Costs, which are not negligible

The costs on the cases, related to the sharing of co-owned properties, are not small. The state fee for initiating the case is always bound to the value of the properties, for which the partition is requested. Its value is firm – 4%, calculated on a quarter of the taxable value of the partitioned properties. It is divided proportionally according to the shares of each of the co-partitioners. However, the costs do not stop there. The costs for the appointed court expertises follow, as well as the costs for carrying out the public sale of the properties, if it comes to this. The above mentioned costs do not include those for attorneys’ fees, travels, appearances at court hearings etc., as at one moment after years it can appear that you have wasted almost as much money and even more as the actual value of your shares of the inherited properties.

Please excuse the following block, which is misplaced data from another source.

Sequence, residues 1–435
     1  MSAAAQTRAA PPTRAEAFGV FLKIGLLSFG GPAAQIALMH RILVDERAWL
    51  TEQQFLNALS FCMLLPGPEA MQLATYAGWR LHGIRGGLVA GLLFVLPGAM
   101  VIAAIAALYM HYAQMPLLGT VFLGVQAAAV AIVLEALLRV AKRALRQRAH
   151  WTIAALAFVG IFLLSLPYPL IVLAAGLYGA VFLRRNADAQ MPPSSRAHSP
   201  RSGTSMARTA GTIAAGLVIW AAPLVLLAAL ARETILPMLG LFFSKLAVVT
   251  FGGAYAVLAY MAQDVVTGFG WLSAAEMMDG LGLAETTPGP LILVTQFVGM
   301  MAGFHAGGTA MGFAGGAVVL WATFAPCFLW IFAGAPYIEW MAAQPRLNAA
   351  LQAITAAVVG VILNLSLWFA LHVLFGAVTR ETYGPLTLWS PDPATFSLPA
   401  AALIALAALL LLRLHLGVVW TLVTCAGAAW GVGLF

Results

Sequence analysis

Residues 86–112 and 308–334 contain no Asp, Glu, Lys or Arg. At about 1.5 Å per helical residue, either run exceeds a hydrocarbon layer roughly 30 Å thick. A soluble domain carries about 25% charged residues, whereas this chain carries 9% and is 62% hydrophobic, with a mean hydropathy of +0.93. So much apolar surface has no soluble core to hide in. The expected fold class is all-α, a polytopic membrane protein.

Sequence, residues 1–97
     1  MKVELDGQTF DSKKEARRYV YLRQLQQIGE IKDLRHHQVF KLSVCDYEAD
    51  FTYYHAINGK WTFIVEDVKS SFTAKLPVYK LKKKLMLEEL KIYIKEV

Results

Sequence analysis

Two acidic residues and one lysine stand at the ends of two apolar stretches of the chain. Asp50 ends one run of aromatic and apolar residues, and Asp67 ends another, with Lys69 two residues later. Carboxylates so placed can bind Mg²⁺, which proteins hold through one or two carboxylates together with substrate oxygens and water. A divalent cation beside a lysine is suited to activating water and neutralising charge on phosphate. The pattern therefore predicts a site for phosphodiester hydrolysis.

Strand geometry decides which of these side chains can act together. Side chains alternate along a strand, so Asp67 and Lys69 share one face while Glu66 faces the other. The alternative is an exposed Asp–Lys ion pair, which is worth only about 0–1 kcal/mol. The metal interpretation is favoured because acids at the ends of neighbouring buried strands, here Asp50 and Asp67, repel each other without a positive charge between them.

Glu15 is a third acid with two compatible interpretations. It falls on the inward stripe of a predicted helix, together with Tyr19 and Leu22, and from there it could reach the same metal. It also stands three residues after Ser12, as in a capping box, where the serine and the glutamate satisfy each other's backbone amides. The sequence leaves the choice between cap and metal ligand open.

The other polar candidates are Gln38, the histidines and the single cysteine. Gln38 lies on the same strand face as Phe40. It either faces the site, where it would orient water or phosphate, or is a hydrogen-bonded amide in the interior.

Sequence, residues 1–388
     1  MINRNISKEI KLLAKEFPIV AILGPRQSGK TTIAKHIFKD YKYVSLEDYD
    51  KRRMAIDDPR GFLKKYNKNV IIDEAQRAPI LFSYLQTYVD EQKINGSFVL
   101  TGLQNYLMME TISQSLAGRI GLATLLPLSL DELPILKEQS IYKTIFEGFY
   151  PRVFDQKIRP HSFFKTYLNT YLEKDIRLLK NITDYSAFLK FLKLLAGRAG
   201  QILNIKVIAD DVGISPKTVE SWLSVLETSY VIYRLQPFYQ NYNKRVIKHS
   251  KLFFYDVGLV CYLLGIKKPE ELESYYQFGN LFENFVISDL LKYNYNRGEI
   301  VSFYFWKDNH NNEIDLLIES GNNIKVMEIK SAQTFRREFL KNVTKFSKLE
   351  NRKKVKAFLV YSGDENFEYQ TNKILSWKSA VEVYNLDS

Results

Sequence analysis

Process in phases

The court partition is biphasic proceedings. Competent to hear the case is the regional court at the location of the property, claimed for sharing. The first phase begins with the constitution of all participants in the process, as often an obstacle in time is the regular summoning of all the co-heirs. The practice shows that this leads to repeatable postponing of the proceeding of the case. This phase ends with a court decision, in which the panel of judges rules on who are the individuals, who will participate in the performance of the partition, which are the properties, which will be partitioned, and what is the proportion of each of the co-partitioners. At the request of any party the court has to rule also on which properties of which inheritances will be used until the final performance of the partition, as well as which amounts will pay some of them to the others for their use. In this phase, at the request of the parties, any other issues can be considered, regarding the clear determination of the aforementioned circumstances, such as disputes over origin and adoptions, wills, real estate transactions, subject to the partition, the authenticity of the documentary evidences, etc. The decision of the first instance court is subject to appeal by either party before the respective district court and the decision of the district court in turn is subject to appeal before the Supreme Court of Cassation only if there are grounds for a cassation appeal.